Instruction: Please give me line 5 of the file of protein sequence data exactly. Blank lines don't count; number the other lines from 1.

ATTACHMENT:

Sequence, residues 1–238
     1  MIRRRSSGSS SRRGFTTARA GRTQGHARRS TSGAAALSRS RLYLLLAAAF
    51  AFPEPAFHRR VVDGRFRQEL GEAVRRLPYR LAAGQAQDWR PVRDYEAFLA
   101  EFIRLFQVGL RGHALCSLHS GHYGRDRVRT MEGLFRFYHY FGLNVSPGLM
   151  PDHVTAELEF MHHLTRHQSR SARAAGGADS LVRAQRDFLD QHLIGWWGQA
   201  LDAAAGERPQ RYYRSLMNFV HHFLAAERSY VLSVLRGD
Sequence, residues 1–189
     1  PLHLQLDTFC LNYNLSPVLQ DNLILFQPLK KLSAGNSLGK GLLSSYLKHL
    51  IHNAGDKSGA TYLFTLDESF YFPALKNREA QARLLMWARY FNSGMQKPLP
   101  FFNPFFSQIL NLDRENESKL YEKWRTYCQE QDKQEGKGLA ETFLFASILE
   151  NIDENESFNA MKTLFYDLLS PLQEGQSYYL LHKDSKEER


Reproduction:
   151  PDHVTAELEF MHHLTRHQSR SARAAGGADS LVRAQRDFLD QHLIGWWGQA